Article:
The Lost Weekend (1945), in which Ray Milland suffers the DTs at Bellevue Hospital after a three-day bender.

Manhattan Murder Mystery (1993) features Woody Allen as a New York book editor, with Diane Keaton, as his wife, delving into the mysterious disappearance of their neighbor.

Marty (1955), Romance blooms on the Bronx’s Arthur Avenue when lonely butcher Marty (Ernest Borgnine) and plain schoolteacher Clara (Betsy Blair) meet at the Stardust Ballroom and find love against the odds.

Mean Streets (1973), Martin Scorsese’s slice of life in Little Italy starring a young Robert De Niro and Harvey Keitel.

Midnight Cowboy (1969), in which Dustin Hoffman and Jon Voight stop traffic at West 58th Street and Sixth Avenue.

Miracle on 34th Street (1947) is a classic tale that proves there really is a Santa Claus. A young Natalie Wood co-stars with Maureen O’Hara, a Macy’s employee.

Moonstruck (1987) has Cher finding love with Nicolas Cage at the Metropolitan Opera.

Night Falls on Manhattan (1997), Sidney Lumet’s drama about police corruption, starring Andy Garcia, takes its cast to the Municipal Building, the U.S. Customs House, and Bowling Green.

On the Town (1949), a musical by Leonard Bernstein, Betty Comden, and Adolph Green is the quintessential New York picture, with Frank Sinatra, Gene Kelly, and Ann Miller dancing from Wall Street to Rockefeller Center.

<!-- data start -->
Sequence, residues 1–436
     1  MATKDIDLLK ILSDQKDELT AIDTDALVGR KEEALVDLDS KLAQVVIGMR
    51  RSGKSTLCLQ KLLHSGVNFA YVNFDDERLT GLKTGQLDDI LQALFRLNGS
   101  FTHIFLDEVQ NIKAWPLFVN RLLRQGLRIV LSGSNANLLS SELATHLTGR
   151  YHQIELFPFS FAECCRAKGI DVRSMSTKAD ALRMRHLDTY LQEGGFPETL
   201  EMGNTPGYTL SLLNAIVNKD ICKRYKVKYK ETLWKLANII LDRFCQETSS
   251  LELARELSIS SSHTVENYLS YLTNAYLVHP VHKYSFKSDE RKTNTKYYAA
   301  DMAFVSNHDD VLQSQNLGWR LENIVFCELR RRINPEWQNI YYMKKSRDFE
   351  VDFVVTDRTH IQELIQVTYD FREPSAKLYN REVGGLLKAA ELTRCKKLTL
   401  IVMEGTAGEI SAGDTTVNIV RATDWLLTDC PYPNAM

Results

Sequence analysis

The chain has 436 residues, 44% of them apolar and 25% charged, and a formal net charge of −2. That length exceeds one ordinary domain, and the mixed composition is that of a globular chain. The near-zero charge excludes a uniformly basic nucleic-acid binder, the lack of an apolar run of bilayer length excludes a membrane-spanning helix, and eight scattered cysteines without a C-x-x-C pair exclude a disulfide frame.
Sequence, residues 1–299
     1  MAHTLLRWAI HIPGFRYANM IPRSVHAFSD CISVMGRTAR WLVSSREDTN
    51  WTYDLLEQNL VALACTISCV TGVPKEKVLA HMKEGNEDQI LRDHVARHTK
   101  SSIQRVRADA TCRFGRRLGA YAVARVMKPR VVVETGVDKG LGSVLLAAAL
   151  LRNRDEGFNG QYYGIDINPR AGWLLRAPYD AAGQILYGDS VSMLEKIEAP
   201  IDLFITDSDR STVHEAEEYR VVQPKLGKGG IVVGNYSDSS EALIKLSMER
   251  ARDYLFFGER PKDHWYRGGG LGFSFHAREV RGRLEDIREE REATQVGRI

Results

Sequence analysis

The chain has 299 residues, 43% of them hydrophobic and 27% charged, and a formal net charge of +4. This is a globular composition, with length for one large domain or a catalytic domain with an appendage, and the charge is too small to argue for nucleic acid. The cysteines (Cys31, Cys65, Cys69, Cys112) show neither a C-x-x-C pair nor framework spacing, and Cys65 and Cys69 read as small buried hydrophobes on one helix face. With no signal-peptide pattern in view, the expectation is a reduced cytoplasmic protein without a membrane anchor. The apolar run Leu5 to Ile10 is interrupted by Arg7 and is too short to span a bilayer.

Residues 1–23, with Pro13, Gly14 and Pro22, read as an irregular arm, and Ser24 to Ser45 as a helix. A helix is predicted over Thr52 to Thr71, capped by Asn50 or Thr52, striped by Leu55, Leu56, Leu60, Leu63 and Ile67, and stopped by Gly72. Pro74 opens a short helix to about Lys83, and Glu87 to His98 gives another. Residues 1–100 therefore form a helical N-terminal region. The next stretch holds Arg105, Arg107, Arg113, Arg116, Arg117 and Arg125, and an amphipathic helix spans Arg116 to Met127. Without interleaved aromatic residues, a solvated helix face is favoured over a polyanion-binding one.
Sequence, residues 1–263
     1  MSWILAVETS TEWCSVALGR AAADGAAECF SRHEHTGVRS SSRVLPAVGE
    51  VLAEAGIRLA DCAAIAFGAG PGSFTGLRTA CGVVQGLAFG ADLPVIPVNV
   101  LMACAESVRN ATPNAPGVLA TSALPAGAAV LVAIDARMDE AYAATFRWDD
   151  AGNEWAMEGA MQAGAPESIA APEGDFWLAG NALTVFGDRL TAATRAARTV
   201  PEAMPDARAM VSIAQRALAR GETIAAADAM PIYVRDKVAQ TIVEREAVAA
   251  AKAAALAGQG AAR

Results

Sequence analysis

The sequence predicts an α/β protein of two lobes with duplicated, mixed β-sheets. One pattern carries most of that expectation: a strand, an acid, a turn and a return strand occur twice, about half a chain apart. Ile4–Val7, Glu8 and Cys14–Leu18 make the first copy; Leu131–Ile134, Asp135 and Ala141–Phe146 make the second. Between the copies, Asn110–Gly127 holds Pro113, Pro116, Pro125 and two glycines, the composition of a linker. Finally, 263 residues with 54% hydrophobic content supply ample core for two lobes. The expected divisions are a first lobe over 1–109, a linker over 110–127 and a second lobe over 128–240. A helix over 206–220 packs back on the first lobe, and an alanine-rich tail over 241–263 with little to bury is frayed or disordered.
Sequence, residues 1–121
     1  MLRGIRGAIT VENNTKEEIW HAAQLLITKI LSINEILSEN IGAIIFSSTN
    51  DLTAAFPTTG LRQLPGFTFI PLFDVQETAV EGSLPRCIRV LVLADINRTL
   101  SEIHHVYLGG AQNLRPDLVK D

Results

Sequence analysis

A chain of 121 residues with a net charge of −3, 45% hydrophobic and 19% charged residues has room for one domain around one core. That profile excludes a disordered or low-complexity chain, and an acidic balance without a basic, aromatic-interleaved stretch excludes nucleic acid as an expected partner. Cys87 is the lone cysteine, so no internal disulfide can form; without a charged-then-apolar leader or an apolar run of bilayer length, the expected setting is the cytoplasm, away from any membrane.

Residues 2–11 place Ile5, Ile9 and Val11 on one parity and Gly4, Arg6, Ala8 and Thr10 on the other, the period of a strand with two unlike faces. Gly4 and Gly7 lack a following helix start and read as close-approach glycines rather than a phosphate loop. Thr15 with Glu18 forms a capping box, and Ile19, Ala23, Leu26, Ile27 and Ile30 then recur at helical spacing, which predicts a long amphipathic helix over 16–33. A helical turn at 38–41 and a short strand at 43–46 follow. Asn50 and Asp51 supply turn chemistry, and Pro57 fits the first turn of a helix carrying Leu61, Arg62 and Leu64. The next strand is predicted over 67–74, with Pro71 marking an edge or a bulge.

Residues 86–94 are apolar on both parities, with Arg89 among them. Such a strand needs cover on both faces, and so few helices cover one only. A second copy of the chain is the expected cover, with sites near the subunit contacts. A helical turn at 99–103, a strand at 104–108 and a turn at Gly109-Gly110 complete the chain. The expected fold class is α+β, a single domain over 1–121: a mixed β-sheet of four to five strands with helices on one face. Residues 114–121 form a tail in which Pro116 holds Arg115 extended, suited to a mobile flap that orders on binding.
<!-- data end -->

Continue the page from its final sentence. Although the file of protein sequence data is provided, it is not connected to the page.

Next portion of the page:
The Pawnbroker (1965) is Sidney Lumet’s film of a Jewish concentration camp survivor (Rod Steiger) running a pawnshop in Harlem.

Prince of Tides (1991) stars Barbra Streisand as a New York psychiatrist who helps a high school football coach (Nick Nolte) uncover his darkest secrets.

Ransom (1996), directed by Ron Howard, stars Mel Gibson as the distraught father trying to save his kidnapped son. Scenes include Central Park’s Bethesda Fountain and the FDR Drive.

Rosemary’s Baby (1968) highlights the Dakota Apartments (West 72nd St. and Central Park West) in Roman Polanski’s film, starring Mia Farrow and John Cassavetes.

Saturday Night Fever (1977) shows John Travolta’s life as he tries to escape his dead-end career as a disco king. His identity crisis reaches a climax atop the Verrazano-Narrows Bridge when a friend falls to his death.

Serpico (1974) features Al Pacino fighting corruption in the NYPD, with location shots at New York University.

Sophie’s Choice (1982) stars a very Victorian-looking Meryl Streep and Kevin Kline, who reside in Flatbush at 101 Rugby Road.

Superman (1978) finds Clark Kent, the mild-mannered reporter for the Daily Planet, saving the world—and Lois Lane. The former Daily News Building is featured.

The Taking of Pelham One Two Three (1974) finds subway riders at the mercy of extortionists on the IRT’s No. 6 subway.

Taxi Driver (1976), a Martin Scorsese film in which Robert De Niro discovers his talents for cleaning up New York’s crime-ridden streets.

A Tree Grows in Brooklyn (1945), based on Betty Smith’s novel, stars Dorothy McGuire and Joan Blondell in the depiction of a troubled Irish family.

West Side Story (1961) pits two streets gangs on the West Side with opening scenes taking place between Amsterdam and West End Avenues at West 68th Street.

When Harry Met Sally (1989) features a memorable scene in which Meg Ryan demonstrates to Billy Crystal the art of sexual deception as they share a meal at Katz’s Deli on the Lower East Side.